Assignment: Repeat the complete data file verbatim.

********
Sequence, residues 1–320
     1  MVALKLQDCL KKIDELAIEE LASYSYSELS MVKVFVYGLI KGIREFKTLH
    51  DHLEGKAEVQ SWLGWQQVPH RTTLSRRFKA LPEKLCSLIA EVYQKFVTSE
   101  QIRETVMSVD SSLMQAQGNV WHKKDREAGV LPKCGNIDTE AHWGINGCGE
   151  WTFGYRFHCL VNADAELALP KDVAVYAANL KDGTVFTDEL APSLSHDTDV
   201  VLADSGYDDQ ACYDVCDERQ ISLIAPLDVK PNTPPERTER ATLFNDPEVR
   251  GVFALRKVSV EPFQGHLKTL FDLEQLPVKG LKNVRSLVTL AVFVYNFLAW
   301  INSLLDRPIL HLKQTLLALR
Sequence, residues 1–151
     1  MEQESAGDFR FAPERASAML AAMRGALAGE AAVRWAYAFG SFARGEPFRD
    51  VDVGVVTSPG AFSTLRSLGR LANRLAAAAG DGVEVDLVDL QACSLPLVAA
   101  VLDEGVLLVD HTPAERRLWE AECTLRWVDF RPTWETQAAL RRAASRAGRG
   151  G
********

Sequence, residues 1–320
     1  MVALKLQDCL KKIDELAIEE LASYSYSELS MVKVFVYGLI KGIREFKTLH
    51  DHLEGKAEVQ SWLGWQQVPH RTTLSRRFKA LPEKLCSLIA EVYQKFVTSE
   101  QIRETVMSVD SSLMQAQGNV WHKKDREAGV LPKCGNIDTE AHWGINGCGE
   151  WTFGYRFHCL VNADAELALP KDVAVYAANL KDGTVFTDEL APSLSHDTDV
   201  VLADSGYDDQ ACYDVCDERQ ISLIAPLDVK PNTPPERTER ATLFNDPEVR
   251  GVFALRKVSV EPFQGHLKTL FDLEQLPVKG LKNVRSLVTL AVFVYNFLAW
   301  INSLLDRPIL HLKQTLLALR
Sequence, residues 1–151
     1  MEQESAGDFR FAPERASAML AAMRGALAGE AAVRWAYAFG SFARGEPFRD
    51  VDVGVVTSPG AFSTLRSLGR LANRLAAAAG DGVEVDLVDL QACSLPLVAA
   101  VLDEGVLLVD HTPAERRLWE AECTLRWVDF RPTWETQAAL RRAASRAGRG
   151  G